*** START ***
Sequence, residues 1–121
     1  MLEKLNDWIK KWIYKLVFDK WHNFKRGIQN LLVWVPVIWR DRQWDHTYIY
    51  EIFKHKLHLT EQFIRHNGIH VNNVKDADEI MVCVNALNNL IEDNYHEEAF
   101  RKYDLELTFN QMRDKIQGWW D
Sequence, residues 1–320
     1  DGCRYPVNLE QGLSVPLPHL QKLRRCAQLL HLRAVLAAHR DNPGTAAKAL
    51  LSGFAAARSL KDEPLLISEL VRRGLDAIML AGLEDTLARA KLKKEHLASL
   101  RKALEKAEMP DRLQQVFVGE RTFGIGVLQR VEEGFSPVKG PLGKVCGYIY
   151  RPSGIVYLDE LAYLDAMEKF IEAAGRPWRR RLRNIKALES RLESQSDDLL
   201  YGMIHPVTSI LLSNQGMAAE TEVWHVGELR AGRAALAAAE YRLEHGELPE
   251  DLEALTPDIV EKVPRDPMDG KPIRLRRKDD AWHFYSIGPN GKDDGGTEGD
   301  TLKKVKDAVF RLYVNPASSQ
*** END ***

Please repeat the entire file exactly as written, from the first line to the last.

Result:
Sequence, residues 1–121
     1  MLEKLNDWIK KWIYKLVFDK WHNFKRGIQN LLVWVPVIWR DRQWDHTYIY
    51  EIFKHKLHLT EQFIRHNGIH VNNVKDADEI MVCVNALNNL IEDNYHEEAF
   101  RKYDLELTFN QMRDKIQGWW D
Sequence, residues 1–320
     1  DGCRYPVNLE QGLSVPLPHL QKLRRCAQLL HLRAVLAAHR DNPGTAAKAL
    51  LSGFAAARSL KDEPLLISEL VRRGLDAIML AGLEDTLARA KLKKEHLASL
   101  RKALEKAEMP DRLQQVFVGE RTFGIGVLQR VEEGFSPVKG PLGKVCGYIY
   151  RPSGIVYLDE LAYLDAMEKF IEAAGRPWRR RLRNIKALES RLESQSDDLL
   201  YGMIHPVTSI LLSNQGMAAE TEVWHVGELR AGRAALAAAE YRLEHGELPE
   251  DLEALTPDIV EKVPRDPMDG KPIRLRRKDD AWHFYSIGPN GKDDGGTEGD
   301  TLKKVKDAVF RLYVNPASSQ